Switzerland’s stock exchange is seeking a global lead in the trading of digital assets, announcing plans for new market infrastructure which will boost the country’s credentials as a “crypto nation”.
The platform being built by the Six exchange is designed to be used for cryptocurrencies such as bitcoin and will be based mainly on Blockchain distributed ledger technology. As well as trading, the Six digital exchange will offer integrated post-transaction services such as deal settlement and asset custody.
Jos Dijsselhof, Six’s chief executive, said: “For us it is abundantly clear that much of what is going on in the digital space is here to stay and will define the future of our industry. The financial industry now needs to bridge the gap between traditional financial services and digital communities.”
Digital currency systems were developed as an alternative to the global monetary system and potentially disruptive ways of conducting financial transactions. But many industry executives accept they will have to be “professionalised” to turn them from niche interests into trading and payments system used by millions.
Six, which is regulated by Finma, the Swiss financial supervisor, and the Swiss central bank, said it expected its digital exchange would “enjoy the same standard of oversight and regulation”. The first services would be rolled out in the first half of 2019, it said on Friday.
Despite scepticism among regulators globally, Switzerland has sought to steal a lead in the emerging financial products. This year, Johann Schneider-Ammann, economics minister, said Switzerland wanted to become the “crypto nation”. Crypto start-ups have been attracted to Switzerland by its regulatory and tax environment, with the tiny canton of Zug, close to Zurich, promoting itself as the heart of “crypto valley”.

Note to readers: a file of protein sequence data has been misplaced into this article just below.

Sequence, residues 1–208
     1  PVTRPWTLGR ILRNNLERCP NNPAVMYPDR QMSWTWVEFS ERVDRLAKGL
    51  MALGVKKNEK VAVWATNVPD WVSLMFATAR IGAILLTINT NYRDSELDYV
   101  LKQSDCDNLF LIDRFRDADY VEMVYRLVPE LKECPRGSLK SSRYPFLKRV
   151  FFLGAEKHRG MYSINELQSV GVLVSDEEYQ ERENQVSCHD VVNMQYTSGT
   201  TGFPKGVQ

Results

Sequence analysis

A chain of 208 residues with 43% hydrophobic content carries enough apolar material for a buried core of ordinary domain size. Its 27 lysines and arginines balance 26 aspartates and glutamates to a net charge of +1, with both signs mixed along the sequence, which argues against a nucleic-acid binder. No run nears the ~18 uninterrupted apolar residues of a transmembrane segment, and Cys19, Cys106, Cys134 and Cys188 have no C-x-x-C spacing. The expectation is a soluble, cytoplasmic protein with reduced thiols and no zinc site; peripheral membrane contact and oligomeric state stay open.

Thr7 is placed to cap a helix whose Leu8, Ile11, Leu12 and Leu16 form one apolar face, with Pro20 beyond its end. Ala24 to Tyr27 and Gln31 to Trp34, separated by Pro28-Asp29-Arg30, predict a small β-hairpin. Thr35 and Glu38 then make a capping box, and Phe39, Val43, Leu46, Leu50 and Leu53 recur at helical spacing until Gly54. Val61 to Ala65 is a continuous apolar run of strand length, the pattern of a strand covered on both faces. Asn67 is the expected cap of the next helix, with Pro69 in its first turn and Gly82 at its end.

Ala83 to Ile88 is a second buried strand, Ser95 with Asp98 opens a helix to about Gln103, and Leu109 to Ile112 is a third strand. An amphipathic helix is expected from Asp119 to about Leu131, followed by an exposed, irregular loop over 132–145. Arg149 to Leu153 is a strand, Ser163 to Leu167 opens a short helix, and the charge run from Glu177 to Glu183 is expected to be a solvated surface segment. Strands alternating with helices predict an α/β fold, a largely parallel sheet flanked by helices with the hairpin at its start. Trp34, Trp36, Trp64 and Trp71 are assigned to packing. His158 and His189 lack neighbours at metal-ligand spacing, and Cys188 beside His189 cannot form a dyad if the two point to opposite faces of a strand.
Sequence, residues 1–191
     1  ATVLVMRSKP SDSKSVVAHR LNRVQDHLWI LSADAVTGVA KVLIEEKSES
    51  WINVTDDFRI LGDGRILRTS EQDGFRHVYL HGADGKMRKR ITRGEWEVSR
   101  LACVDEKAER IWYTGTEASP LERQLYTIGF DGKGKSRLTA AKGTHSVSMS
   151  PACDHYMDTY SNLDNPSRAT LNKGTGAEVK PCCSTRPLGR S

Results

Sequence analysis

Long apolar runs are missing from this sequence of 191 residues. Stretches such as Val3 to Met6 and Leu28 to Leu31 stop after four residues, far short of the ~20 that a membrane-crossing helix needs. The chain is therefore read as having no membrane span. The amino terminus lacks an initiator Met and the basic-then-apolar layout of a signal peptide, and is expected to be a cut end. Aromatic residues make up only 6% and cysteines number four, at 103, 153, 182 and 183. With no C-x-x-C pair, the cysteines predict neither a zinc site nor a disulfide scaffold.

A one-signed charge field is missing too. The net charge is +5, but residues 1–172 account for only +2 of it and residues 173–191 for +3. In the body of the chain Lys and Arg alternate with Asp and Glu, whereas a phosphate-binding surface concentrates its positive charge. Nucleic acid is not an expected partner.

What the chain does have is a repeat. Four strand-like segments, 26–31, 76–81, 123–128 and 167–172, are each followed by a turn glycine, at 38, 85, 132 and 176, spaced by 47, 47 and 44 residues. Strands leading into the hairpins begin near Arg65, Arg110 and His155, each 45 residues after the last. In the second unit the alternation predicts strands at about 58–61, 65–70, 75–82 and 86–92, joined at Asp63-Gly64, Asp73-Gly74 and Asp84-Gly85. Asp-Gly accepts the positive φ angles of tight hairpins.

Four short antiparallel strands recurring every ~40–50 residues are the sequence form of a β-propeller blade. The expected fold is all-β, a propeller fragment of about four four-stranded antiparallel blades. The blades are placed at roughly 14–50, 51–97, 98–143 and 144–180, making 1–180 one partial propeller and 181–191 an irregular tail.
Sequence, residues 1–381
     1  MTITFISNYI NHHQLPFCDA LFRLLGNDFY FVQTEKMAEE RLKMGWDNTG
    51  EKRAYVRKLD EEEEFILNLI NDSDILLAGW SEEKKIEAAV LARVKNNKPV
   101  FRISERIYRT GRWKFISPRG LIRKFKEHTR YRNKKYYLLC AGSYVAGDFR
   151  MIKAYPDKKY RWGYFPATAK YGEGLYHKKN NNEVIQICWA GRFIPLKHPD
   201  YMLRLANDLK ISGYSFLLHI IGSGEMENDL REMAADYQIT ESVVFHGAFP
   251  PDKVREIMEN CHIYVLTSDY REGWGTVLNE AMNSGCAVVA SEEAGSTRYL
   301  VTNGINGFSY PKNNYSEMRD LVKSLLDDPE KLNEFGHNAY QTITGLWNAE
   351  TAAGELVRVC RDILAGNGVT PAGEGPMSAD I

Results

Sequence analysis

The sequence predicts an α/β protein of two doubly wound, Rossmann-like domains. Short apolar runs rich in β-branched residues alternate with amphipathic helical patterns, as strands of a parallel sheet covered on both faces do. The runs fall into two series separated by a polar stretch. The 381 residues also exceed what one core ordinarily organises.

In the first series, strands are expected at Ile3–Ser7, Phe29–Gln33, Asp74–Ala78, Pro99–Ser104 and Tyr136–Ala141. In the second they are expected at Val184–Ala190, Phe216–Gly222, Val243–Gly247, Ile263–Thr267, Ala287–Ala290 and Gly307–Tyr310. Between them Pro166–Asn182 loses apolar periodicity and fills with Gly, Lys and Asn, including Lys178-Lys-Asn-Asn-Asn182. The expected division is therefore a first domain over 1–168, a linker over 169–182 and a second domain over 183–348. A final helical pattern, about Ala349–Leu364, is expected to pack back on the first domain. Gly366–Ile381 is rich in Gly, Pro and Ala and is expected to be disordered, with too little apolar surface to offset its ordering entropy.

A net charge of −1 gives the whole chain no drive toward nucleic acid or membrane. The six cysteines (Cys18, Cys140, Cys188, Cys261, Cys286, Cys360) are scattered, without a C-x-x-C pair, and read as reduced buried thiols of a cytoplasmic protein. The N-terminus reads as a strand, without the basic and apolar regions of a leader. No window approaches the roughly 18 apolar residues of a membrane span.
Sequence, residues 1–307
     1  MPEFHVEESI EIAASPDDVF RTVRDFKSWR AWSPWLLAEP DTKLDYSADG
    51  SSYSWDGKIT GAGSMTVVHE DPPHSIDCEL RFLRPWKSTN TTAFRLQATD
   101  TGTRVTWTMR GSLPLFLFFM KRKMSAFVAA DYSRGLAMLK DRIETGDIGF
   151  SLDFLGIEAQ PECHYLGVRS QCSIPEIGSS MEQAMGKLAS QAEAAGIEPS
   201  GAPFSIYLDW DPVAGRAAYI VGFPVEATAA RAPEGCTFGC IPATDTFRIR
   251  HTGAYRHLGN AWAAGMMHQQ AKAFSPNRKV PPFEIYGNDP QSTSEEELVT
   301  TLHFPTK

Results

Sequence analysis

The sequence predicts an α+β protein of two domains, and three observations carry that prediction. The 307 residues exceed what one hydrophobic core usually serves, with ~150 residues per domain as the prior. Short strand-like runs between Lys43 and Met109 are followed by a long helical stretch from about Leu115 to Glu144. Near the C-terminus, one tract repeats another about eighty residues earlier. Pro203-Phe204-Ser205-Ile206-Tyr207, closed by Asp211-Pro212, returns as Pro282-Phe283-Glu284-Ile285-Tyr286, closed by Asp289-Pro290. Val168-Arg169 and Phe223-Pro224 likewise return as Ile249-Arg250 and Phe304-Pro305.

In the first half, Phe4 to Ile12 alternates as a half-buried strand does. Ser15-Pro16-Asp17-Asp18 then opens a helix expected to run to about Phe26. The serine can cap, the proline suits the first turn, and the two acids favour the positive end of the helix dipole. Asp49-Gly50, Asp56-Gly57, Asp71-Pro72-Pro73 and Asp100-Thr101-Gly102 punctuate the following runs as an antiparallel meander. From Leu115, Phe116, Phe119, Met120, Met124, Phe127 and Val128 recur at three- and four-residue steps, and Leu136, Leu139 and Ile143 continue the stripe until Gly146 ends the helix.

As well as the Six initiative, Swiss politicians and officials are working on plans to remove obstacles which prevent conventional banks from providing services to crypto companies. Finma earlier this year set out guidelines to help local initial coin offerings, where start-up companies sell digital tokens to investors.
Cryptocurrency exchanges are beginning to copy the safeguards commonly used by their securities and derivatives counterparts after a steady stream of hacks, asset thefts and technical issues.
Trading venues were initially targeted at the retail market but are now courting institutional investors such as hedge funds, wealthy investors and proprietary traders. The latter group are keen to invest in digital assets, but require higher standards of protections for their funds.
Coinbase, a crypto exchange, has begun offering custody services to investors concerned about the safety of their assets. Huobi, one of the world’s largest crypto exchanges, has a default fund to protect users against some specific shocks.
Meanwhile, traditional exchanges are also looking at targeting institutional investors wanting to trade cryptocurrencies, hoping their experience in building high-capacity, secure systems will offer asset managers more reassurance. Nasdaq, the US exchange, will supply surveillance technology to Gemini, the cryptocurrencies trading venue run by US internet entrepreneurs the Winklevoss twins.
Thomas Zeeb, Six’s head of securities and exchanges, said the challenges for the digital sector lie “less in the trading of assets but rather in the custody and asset servicing, including asset safety.” Six would provide “all steps of the chain in an integrated and secure model”.
The Swiss exchange is rare in Europe in operating a major payments system alongside its traditional trading and clearing services.